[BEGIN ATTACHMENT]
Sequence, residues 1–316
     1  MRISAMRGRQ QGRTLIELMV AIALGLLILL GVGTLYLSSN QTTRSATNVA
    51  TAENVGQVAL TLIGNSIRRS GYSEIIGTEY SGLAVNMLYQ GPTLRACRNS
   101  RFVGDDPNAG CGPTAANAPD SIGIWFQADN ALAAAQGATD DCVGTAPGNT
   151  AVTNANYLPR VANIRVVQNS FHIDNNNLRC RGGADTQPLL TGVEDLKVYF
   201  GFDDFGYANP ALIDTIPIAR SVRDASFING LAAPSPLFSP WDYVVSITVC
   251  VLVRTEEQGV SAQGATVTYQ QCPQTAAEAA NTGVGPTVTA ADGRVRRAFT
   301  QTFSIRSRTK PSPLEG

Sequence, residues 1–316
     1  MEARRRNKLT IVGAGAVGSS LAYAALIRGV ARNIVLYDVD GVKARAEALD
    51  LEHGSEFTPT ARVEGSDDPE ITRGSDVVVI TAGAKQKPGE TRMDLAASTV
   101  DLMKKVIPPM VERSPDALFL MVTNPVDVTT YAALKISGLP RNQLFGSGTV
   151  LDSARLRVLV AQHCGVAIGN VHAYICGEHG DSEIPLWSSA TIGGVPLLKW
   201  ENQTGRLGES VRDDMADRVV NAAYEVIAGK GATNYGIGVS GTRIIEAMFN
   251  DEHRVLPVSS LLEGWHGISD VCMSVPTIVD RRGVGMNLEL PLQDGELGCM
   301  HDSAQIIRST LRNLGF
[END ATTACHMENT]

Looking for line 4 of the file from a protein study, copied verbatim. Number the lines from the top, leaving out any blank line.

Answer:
   101  RFVGDDPNAG CGPTAANAPD SIGIWFQADN ALAAAQGATD DCVGTAPGNT